The truth is most youth coaches spend far too much time on fundamentals and not anywhere near enough time on assignments.


Not worrying about winning is nonsense. Scoring more points that the opponent is the object of the game. Those who sincerely want to eliminate emphasis on winning, as opposed to just being politically correct, should stop keeping score. If they did, youth sports would disappear overnight. Those who advocate not caring about winning in youth sports are like the Congressmen who ostentatiously vote for a bill they secretly oppose, but know has no chance of passing. The only youth league that truly tries to ignore winning that is Little League tee ball (6- and 7-year olds). And even then the kids (from both teams) gleefully meet their arriving parents with cries of “We won!”

Football is a great sport for building character, having fun, and all that. But those benefits are natural by-products of an intelligent, ethical pursuit of victories. You do not need to renounce winning to have a worthwhile youth program.

Youth players and coaches want to succeed. Take an interest in your youth football teams so you can give intelligent advice on how the coaches can better prepare their kids to succeed individually and as a team on Saturday.


Both winning and losing are habits. Many youth-football programs are perennial league doormats. As a high-school coach, I would shudder at the thought of getting freshman who were coming off six years of losing almost all their youth games. Players and parents in such youth programs are invariably well practiced at making excuses for losing. The high-school coach who inherits them will be greatly handicapped by their conviction that it is impossible for their community to win in football.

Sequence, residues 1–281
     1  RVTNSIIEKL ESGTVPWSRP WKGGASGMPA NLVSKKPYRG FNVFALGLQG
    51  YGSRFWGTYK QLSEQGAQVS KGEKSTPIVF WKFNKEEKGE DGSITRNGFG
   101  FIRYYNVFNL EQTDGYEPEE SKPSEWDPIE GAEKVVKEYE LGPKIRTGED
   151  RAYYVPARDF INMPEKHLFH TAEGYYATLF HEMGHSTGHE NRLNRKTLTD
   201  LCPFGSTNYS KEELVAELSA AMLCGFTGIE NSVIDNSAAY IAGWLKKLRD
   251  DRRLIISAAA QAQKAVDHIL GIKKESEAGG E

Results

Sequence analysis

Our youth team was a doormat when my colleagues and I arrived. Within two years, we were perennially in the final four of a 32-team league. When youth players from those teams reached our doormat local high school, it had the first back-to-back winning seasons in its history. I suspect that both the mere existence of our youth program, as well as our success at the youth level, were factors in the varsity’s recent new-found success.

Coordinating schemes

Urging or demanding that the local youth team use the high-school’s offensive and defensive schemes is an enormous mistake. Few of the youth players will play in that scheme at that high school. 73% of youth players quit all sports by age 13 (Time magazine cover story 7/12/99). Five or six members of the typical youth team will move out of town before junior year of high school. Several youth-football players will decide to play other high-school sports in the fall or specialize in one sport year round. The local high-school coach may leave before today’s 10-year olds reach age 16. Or he may decide to change schemes. The few youth players who grow up to be high-school football players in the same area generally end up scattered among several private and public schools. Of course, this is all a function of the age of the youth players. Many of the oldest youth players—12-14—will play football for the local high school. But relatively few of the 7- to 10-year olds will.

When I was a youth coach, our local high-school varsity head coach said we should be running his schemes. He was 1-8-1. I half jokingly told him he should be running our schemes. We were 9-2. He was not amused. He was also fired. His successor left, too, before my youth players reached the varsity. And the third coach was fired before the end of our youth players’ senior year.

In fact, neither of us should have been running the other’s schemes. Youth football is different from high-school football. Most youth players are non-athletes. Your high-school linemen typically did not play youth football at all because they could never make weight. Youth linemen are about the same size as youth backs because of age-weight limits.